Conservative rural areas largely support Islamists
GIZA, Egypt – Egyptians poured back into polling stations Wednesday to take part in a second round of voting that is expected to boost Islamist parties’ control over the soon-to-be-formed parliament.
Many of the nine governorates involved in round two included rural and conservative areas where Islamist parties have long enjoyed strong support.
Though no preliminary results were announced late Wednesday, many predicted that Islamist parties would consolidate their gains from the first round. The Muslim Brotherhood’s Freedom and Justice Party led balloting last month with more than 40 percent of the vote, and the harder-line Salafi party Al Nour garnered 21 percent.
The final round of parliamentary voting is scheduled for January with a presidential poll to be held in mid-2012. They are the first elections conducted since the February toppling of former President Hosni Mubarak.
“Salafis are religious people who fear God and are never corrupt,” said Soad Fathi, a 54-year-old street vendor, who was voting in the Giza governorate. “Corruption was the main flaw during Mubarak’s era, and we should put an end to it by voting to those who will fear God while ruling us.”
Islamists’ strong gains have raised concerns about whether they will seek to impose new religious laws, such as limiting beach tourism or restricting the role of women in Egyptian society.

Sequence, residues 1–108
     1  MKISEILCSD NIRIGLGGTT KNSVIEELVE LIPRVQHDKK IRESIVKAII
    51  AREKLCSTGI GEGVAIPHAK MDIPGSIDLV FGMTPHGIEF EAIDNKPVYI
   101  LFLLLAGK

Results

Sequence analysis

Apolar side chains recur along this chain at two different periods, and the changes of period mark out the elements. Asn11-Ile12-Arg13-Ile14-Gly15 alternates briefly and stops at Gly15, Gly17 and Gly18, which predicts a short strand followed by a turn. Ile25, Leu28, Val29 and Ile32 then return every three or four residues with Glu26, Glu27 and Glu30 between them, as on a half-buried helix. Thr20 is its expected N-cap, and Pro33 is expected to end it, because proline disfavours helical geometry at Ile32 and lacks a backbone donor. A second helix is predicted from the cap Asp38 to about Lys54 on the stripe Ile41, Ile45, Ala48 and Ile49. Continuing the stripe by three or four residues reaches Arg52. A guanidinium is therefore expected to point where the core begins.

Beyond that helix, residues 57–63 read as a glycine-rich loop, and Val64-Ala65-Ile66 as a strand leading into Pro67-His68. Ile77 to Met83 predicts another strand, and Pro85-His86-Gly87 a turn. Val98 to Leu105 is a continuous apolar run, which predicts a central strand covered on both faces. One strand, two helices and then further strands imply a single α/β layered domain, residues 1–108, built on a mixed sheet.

Christian Copts, up to 10 percent of the country’s population, have also expressed unease, particularly as tensions and violence between Copts and Muslims are increasing.
In the Imbaba district of Giza, where a large community of Islamists lives next to thousands of Christian Copts, a church was burned down during a May clash that left 12 people dead and hundreds injured. Another church was set ablaze in March in Helwan, south of Cairo.
Earlier this week, members of both Freedom and Justice and Al Nour separately tried to allay fears by promising that foreign tourism will remain a pillar of the Egyptian economy if Islamists win a parliamentary majority.
However, some leaders vowed to develop what they called “sin-free” tourism, where alcohol won’t be sold to foreigners and female tourists wearing bikinis would be restricted to segregated beaches.